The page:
Dealing with Blank Values (Nulls)
Databases have two types of fields: required and optional. Ordinarily, fields are optional, which means a sloppy person can leave a lot of blank values. These blank values are called nulls, and you need to handle them carefully.
If you want to write a filter condition that catches null values, simply type this text into the criteria box:
This condition matches any fields that are left blank. Use this on the CustomerID field in the Orders table to find any orders that aren't linked to a customer. Or ignore unlinked records by reversing the condition, like so:
Is Not Null
Sometimes, you don't want to specifically search for (or ignore) null values. Instead, you want to swap those values with something more meaningful to the task at hand. Fortunately, there's an oddly named tool for just this task: the Nz( ) function.
The Nz( ) function takes two arguments. The first's a value (usually a query field) that may contain a null value. The second parameter's the value that you want to show in the query results if Access finds a null value. Here's an example that uses Nz( ) to convert null values in the Quantity field to 0:
Converting to 0 is actually the standard behavior of Nz( ), so you can leave off the second parameter if that's what you want:
At this point, you may not be terribly impressed at the prospect of changing blank values in your datasheet into zeroes. But this function's a lifesaver if you need to create calculated fields that work with values that could be null. Consider this innocent-seeming example:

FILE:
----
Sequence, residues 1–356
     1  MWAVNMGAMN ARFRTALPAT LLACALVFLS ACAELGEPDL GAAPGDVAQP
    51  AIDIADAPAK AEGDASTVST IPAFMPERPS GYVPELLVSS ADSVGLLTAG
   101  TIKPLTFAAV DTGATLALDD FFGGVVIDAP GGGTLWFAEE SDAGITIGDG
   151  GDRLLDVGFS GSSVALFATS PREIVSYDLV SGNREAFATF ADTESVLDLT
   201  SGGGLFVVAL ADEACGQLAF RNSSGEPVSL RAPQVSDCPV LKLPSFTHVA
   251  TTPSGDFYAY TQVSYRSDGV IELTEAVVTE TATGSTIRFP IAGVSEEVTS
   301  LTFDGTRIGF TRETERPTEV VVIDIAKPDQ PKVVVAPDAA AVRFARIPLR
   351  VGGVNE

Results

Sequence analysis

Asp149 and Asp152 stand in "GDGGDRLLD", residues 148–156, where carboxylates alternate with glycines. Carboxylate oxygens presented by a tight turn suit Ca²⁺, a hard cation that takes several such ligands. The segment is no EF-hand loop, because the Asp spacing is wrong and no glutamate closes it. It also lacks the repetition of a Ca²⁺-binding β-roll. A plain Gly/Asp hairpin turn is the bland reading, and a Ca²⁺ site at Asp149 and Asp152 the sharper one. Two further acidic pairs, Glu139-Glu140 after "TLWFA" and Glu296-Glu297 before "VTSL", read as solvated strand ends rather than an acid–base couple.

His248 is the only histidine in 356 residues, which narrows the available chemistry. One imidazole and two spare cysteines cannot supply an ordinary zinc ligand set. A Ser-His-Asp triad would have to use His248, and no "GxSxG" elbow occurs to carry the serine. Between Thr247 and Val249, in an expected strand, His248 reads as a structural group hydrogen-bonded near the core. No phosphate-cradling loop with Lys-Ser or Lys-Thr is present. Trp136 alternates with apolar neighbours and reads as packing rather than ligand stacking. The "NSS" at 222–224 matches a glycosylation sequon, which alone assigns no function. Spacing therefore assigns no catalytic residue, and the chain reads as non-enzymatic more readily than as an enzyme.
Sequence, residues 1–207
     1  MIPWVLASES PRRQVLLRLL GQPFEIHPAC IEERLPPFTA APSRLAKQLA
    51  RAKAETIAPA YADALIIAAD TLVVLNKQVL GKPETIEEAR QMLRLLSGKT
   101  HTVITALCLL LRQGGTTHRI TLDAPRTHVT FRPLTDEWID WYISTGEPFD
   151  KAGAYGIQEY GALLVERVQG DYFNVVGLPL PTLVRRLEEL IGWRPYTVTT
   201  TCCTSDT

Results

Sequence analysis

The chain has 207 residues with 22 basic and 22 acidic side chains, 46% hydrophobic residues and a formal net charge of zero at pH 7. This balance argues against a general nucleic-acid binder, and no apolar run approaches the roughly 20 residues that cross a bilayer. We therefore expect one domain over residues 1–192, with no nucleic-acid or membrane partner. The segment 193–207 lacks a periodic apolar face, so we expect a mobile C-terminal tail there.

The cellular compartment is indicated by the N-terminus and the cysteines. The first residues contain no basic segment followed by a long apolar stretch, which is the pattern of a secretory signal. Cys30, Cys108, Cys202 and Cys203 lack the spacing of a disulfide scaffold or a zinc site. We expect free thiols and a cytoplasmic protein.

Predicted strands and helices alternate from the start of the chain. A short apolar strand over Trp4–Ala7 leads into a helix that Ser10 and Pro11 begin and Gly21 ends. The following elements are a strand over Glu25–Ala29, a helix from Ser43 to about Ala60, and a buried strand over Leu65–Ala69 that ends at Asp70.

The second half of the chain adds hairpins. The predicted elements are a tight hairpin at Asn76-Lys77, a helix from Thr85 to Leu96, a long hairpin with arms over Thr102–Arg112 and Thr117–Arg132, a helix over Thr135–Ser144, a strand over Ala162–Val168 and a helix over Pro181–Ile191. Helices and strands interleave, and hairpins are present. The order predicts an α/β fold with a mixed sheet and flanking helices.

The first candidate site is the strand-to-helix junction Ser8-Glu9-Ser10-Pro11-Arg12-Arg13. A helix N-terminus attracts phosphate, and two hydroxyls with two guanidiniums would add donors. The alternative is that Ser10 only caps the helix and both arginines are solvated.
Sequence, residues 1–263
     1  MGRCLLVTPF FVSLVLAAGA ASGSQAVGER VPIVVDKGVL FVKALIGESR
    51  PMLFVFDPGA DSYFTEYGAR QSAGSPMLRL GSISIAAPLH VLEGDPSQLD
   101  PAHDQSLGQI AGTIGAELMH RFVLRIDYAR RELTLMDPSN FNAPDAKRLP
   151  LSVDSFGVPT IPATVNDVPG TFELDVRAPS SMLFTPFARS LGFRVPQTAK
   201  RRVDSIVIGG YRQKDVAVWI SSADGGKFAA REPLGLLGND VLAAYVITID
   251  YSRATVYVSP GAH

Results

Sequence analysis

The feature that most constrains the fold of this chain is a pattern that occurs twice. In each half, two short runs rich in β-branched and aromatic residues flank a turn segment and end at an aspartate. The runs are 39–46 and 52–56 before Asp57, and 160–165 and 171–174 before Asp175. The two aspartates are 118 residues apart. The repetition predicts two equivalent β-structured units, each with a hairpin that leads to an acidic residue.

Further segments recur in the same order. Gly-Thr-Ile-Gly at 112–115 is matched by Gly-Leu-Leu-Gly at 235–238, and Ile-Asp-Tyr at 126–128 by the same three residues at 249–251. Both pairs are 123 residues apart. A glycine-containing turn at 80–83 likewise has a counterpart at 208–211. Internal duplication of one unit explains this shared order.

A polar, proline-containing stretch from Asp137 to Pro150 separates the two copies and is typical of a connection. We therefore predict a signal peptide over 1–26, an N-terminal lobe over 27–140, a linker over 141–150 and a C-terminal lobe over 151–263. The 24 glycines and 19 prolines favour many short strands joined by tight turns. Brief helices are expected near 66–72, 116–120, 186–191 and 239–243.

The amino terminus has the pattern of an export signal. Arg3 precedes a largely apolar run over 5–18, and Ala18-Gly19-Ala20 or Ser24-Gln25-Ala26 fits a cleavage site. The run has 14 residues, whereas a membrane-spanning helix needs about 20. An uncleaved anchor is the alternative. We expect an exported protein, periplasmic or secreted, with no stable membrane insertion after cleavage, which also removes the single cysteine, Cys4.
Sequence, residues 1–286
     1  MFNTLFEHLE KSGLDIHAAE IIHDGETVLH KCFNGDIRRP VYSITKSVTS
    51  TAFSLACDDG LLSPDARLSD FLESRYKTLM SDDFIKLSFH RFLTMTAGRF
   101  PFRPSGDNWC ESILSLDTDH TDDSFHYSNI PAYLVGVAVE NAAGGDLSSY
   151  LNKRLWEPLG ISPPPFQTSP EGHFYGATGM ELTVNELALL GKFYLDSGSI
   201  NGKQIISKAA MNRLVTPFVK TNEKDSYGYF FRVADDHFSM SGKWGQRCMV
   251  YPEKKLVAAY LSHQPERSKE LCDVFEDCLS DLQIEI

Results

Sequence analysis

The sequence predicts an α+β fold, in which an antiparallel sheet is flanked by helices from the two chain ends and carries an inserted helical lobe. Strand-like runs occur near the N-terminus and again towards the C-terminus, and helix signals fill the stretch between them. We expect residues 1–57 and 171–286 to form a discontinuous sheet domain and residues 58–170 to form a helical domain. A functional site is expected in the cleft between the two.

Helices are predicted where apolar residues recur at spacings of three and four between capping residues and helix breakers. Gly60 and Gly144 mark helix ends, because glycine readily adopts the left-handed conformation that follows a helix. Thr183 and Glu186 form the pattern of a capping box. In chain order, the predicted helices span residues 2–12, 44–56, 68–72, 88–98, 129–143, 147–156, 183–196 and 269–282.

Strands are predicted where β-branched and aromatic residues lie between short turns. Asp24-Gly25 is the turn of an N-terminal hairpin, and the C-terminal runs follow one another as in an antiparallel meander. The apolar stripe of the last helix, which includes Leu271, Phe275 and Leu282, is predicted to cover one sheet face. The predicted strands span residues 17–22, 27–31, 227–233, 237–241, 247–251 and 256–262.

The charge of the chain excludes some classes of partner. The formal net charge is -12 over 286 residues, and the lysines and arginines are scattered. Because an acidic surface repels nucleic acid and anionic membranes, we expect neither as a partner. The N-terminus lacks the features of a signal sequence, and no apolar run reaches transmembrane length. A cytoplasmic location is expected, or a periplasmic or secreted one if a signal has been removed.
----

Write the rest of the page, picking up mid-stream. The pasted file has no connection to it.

OrderItemCost: [Quantity] * [Price]
This expression runs into trouble if Quantity is null. Nulls have a strange way of spreading, somewhat like an invasive fungus. If you have a null anywhere in a calculation, the result of that calculation is automatically null. In this example, that means the OrderItemCost for that record becomes null. Even worse, if the OrderItemCost enters into another calculation or a subtotal, that too becomes null. Before you know it, your valuable query data turns into a ream of empty cells.
To correct this problem, use the Nz( ) function to clean up any potential nulls in optional fields:
OrderItemCost: Nz([Quantity]) * Nz([Price])
Finally, you can use Nz( ) to supply a different value altogether. In a text field, you may choose to enter something more descriptive. Here's an example that displays the text [Not Entered] next to any record that doesn't include name information:
Name: Nz([FirstName] & [LastName], "[Not Entered]")